Use pure CSS to create “sticky” footers on a web page
Our objective is simple: Make the footer of our web page stay at the bottom even if the page’s content area is shorter than the user’s browser window.
This, by far, is one of our favorite things to do. It makes the web layout so much more appealing and creates a very professional feel. We ended up kicking ourselves the very first time we tried to add this functionality to a project early on when we found out just how easy it was. We take solace in knowing that we’re not alone, though—a quick search for “footer stick bottom” still yields quite a few results from fellow developers wrestling with the same frustrating experience.
If you’re in that boat, fear no more! We’re going to get your footers in shape in a snap. Here’s a diagram of the problem:
Unfortunately, many people try to handle it by setting a fixed height to the content, pushing the footer down. This may work when you view it, but there are several different browser window heights, resolutions, and variables that make this an extremely unreliable solution (notice the emphasis on the word “extremely”—this basically means “don’t do it”). We need a dynamic solution that’s able to adapt on the fly to the height of a user’s browser window, no matter if you resize it, have Firebug open, use a unique resolution, or just have a really, really weird browser!
Let’s take a look at what the end results should look like:
To make this happen, let’s get our HTML structure in place first:
It’s pretty simple so far. Just a skeleton of a web page. The
"page" div contains all of the pieces of our HTML page – except the footer. The
"header" div is going to be our top content. The
"main" div will include all our content for the page. The
"footer" div is our copyrights and footer links. Let’s start by coding the CSS for the full page:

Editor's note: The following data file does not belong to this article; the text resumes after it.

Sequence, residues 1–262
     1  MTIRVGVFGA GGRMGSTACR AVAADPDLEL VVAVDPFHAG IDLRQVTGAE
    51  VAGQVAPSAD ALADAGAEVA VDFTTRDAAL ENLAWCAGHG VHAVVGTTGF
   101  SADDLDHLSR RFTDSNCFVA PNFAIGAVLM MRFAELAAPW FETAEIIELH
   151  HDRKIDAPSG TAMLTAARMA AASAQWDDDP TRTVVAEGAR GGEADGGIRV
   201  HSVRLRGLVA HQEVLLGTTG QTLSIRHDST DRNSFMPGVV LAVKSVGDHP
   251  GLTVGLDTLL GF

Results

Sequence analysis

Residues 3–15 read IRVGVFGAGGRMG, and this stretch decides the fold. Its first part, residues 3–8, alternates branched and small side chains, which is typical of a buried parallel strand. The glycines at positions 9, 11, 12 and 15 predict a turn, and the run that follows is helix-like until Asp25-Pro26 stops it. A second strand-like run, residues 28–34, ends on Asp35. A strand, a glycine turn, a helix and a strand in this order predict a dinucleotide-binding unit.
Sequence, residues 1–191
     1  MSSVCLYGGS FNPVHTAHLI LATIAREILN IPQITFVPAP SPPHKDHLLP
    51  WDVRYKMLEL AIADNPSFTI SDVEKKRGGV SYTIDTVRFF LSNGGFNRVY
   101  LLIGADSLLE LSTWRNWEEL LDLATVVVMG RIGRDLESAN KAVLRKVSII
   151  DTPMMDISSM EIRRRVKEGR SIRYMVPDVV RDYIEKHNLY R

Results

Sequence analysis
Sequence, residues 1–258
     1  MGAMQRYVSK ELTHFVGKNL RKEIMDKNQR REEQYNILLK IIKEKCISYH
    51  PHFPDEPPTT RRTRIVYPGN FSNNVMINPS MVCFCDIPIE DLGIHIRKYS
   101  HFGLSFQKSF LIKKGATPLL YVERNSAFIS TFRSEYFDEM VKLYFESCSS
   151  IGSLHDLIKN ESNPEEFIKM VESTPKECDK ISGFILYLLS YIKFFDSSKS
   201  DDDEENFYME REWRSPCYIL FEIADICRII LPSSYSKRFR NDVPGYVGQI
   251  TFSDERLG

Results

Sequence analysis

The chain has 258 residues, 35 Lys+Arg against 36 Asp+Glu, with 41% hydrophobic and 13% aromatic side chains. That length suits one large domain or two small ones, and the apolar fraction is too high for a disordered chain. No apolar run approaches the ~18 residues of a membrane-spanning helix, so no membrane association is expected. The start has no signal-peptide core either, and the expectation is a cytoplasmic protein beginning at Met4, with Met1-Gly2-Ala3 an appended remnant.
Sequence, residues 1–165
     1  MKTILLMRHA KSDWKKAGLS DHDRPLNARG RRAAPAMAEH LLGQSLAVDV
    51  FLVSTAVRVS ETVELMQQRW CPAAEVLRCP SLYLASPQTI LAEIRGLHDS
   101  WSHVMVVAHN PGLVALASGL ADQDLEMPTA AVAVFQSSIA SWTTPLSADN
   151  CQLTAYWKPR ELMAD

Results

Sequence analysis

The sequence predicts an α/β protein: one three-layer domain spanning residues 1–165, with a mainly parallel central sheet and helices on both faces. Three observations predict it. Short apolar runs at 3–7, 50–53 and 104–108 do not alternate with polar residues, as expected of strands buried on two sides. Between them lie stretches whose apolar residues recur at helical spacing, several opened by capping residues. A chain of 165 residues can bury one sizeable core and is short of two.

Nothing too special here. We start by making the HTML page itself the full width and height of the window. We then have our header and footer be a fixed height (40px), center the text in each and make them the full width of the page. We then finally set two different colors for each – pink for the header and a shade of green for the footer.
The resulting page should look something like this:
Notice that the footer isn’t at the bottom of the page yet – the above image shows that when the window is larger than what the page needs there’s a lot of blank space under the footer. Also, if we were to shrink the window, vertically, then the footer would scroll off the bottom of the page. We can fix this by making two changes, first add these css rules to the “#footer” css section:
The first rule “position: fixed” tells the browser that the “footer” should be position at a static/fixed location on the page. The second rule “bottom: 0px” tells it that we want the bottom of the “footer” to be zero pixels from the bottom of the window – in other words, always at the bottom of the window.
Second, add new new “#page” css section:
This section will tell the browser that the “page” div should have 40 pixels of extra space at the bottom. This is critical. It’s 40px because that’s the height we assigned to our footer, which means that none of the text in the “main” div will be hidden by the “footer” div.
And that’s it. When we look at the result we’ll see that when the window is too small and we need a scroll bar it should appear like this:
And when the window is larger than what we need, it should look like this:
Notice that in both cases the footer remains fixed to the bottom of the window.
One of the best things about this little trick is that it’s compliant with all major browsers—including Firefox, Chrome, Safari, and Internet Explorer
We can’t finish this blog without mentioning our favorite perk of this trick: Should you not have a specially-designed mobile version of your site, this trick even works on smart phones!